As the country and the world begin to focus on the upcoming 50th anniversary of the historic March on Washington, this is a good time to revisit the real goals of the March. Of course, it is most remembered for Dr. Martin Luther King, Jr.’s famous “I Have A Dream” speech. Official, it was the “March on Washington for Jobs and Freedom.”
As a result of this march and the Selma-to-Montgomery March two years later, we now have 42 members the Congressional Black Caucus (CBC) and our first Black president. The march, without question, lead to the passage of the Civil Rights Act of 1963, Voting Rights Act of 1965 and the Fair Housing Act of 1968.
But when you look at the congressional districts represented by these members of the CBC, you find the dream has turned into a nightmare. Examples of this pathology are: Los Angeles, Cleveland, New York City, and Detroit, to name a few. Unemployment rates in these cities are above the national average for Blacks (7.3), teenage pregnancy is off the charts, crime is up, high school dropout rates are climbing.
These issues have more to do with ideology more than race. These members of Congress are looking for the government to solve these problems, as opposed to realizing that it has more to do with a lack of opportunity (job, education, etc.).
On the national level, President Obama has done even worse. Early in his administration, he made it perfectly clear that, “I’m not the president of Black America. I’m the president of the United States of America.” With that statement, I knew we were in trouble.
Black unemployment was 12.7 percent in January 2009 when Obama took office. The rate peaked at 16.7 percent in August 2011. Although it fell to 12.6 percent in July, its lowest level since 2009, it was still double the White rate of 6.6 percent.
During George W. Bush’s presidency, Black unemployment peaked at 12.1 percent in December 2008. No longer can Obama and Democrats blame all the negative pathologies facing the Black community on George W. Bush and the Republicans. Remember, the Democrats controlled the White House, Senate, and the House during Obama’s first two years in office.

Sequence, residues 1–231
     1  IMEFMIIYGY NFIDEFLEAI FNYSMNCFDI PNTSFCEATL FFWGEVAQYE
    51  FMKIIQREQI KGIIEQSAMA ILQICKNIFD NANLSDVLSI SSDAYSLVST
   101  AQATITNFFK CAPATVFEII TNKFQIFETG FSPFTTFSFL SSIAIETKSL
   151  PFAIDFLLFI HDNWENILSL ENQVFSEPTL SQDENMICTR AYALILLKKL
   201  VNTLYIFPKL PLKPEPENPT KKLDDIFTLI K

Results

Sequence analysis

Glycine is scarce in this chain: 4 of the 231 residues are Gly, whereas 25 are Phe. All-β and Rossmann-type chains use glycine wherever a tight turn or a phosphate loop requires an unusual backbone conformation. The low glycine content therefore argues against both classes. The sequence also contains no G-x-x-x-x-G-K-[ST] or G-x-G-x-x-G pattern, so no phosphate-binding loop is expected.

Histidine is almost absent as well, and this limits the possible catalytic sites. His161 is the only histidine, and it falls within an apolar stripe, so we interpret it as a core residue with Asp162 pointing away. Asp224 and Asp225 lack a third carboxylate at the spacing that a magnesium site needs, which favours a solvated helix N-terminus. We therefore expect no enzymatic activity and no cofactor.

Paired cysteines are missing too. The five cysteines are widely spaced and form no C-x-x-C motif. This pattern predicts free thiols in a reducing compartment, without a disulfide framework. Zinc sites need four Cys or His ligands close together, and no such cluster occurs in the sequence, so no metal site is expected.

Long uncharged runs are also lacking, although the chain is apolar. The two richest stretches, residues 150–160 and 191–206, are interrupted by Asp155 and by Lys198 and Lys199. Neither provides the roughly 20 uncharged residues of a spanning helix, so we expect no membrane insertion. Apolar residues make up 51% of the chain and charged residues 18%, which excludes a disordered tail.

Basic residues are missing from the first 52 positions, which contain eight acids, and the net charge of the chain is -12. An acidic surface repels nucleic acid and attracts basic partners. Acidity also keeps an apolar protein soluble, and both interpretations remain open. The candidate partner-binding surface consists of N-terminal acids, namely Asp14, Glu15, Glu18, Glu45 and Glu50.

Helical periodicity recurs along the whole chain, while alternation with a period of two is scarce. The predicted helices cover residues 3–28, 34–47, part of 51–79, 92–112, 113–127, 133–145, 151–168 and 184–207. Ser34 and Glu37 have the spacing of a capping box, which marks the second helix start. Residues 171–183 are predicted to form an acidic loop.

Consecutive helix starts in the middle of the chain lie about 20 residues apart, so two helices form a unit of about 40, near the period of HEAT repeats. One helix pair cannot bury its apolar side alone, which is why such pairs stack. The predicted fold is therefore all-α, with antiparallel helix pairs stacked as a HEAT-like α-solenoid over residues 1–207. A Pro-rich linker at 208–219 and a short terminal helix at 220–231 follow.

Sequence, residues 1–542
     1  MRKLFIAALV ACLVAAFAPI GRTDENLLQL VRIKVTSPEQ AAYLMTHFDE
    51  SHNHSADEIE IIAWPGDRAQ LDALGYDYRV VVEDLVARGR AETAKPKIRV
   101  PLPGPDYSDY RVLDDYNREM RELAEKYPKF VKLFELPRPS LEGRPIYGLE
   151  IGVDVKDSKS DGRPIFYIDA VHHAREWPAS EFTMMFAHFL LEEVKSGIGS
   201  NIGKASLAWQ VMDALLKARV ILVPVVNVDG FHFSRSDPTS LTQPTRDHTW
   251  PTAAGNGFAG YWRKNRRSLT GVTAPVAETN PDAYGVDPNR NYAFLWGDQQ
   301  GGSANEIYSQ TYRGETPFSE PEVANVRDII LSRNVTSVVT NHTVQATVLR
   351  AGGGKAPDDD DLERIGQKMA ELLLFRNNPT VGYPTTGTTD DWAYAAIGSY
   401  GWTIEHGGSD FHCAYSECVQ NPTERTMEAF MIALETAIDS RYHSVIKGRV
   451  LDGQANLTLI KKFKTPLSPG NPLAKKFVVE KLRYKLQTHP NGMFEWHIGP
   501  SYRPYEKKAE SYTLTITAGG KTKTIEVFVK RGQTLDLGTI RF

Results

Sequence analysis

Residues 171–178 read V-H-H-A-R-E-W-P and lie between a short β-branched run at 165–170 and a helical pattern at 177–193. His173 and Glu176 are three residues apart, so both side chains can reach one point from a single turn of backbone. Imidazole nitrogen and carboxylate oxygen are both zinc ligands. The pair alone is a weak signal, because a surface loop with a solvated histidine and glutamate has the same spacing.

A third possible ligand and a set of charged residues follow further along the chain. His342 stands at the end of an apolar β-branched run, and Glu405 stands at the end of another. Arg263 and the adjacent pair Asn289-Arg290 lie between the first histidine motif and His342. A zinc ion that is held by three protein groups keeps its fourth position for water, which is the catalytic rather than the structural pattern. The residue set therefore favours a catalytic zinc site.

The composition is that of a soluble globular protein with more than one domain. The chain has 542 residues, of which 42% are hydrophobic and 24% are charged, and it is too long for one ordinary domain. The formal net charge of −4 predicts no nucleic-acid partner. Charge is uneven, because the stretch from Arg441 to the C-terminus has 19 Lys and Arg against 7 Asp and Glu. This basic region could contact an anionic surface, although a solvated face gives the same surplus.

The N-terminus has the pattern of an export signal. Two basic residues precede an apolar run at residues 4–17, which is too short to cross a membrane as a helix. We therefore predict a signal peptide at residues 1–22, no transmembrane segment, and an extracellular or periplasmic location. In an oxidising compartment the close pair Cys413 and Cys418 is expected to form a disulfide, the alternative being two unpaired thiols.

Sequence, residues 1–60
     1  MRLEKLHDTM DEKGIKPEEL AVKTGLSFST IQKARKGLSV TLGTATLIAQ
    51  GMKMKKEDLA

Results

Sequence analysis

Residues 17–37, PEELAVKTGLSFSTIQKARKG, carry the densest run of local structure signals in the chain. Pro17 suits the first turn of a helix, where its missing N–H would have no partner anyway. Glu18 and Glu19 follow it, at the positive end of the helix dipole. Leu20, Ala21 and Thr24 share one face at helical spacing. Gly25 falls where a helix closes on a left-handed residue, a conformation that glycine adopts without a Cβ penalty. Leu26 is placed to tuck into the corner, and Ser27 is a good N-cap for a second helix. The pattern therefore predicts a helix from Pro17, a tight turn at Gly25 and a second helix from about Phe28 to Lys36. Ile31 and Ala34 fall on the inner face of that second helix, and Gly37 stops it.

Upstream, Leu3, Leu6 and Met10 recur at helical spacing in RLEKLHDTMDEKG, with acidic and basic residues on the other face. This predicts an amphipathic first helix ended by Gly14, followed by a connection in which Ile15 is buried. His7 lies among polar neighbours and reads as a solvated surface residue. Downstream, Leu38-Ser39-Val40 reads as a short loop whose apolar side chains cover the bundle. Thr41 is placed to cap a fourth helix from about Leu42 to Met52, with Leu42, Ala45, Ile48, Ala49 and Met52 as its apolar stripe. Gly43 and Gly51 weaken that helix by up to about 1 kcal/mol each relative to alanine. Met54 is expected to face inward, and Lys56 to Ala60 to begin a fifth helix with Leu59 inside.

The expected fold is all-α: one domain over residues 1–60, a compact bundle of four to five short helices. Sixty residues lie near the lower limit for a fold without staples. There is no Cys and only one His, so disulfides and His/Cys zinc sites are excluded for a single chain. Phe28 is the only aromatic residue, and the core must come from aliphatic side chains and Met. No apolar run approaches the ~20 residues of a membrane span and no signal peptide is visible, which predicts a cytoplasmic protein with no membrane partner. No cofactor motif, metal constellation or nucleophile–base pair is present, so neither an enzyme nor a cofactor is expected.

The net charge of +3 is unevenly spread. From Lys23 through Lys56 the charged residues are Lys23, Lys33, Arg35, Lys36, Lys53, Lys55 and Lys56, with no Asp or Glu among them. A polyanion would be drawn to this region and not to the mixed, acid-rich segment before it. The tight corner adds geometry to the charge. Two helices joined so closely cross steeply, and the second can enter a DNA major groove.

In January of 2010, a Pew poll showed that the percentage of Blacks who thought they were better off than they were five years prior had almost doubled since 2007. This same poll showed that Blacks also believed that the standard of living gap between Whites and Blacks was shrinking.
The only problem with this assessment was that it was not true. Blacks are worse off under Obama than any time since WWII. The gap between White and Black wealth and income has widened under Obama.
Under Obama, White America has 22 times more wealth than Blacks and the education gap between White and Black has grown steadily.
The March on Washington for Jobs and Freedom led to specific legislation that any objective observer can point to and measure tangible, positive results for the Black community. The march was emotional, but with tangible goals in mind.
We have the first Black president of the U.S., but yet the Black community is far worse off now than under the previous president. Yes, it feels good to have a Black president, but it would feel even better if that president addressed the unique issues affecting the Black community.
I find it really troublesome that the first Black president is presiding over the steepest decline in key Black economic indicators since World War II.
No one can argue against the notion that Blacks have been blinded by their emotions when it comes to the diminished quality of life for Blacks under Obama.
So, in two weeks, as the old line civil rights groups gather to commemorate the 50th anniversary of the March on Washington for Jobs and Freedom; please be mindful of what the speakers have to say. They will blame the current plight of Blacks on George W. Bush, Whites, and Republicans.
They will not blame the president who has presided over the worse economy for Blacks in a generation simply because he makes them feel good; and with liberalism, intent is always more important than fact. This year’s march will turn out to be more like a nightmare; and the only way to get out of a bad dream is to wake up!
Raynard Jackson is president & CEO of Raynard Jackson & Associates, LLC., a Washington, D.C.-based public relations/government affairs firm. He can be reached through his Web site, www.raynardjackson.com. You can also follow him on Twitter at raynard1223.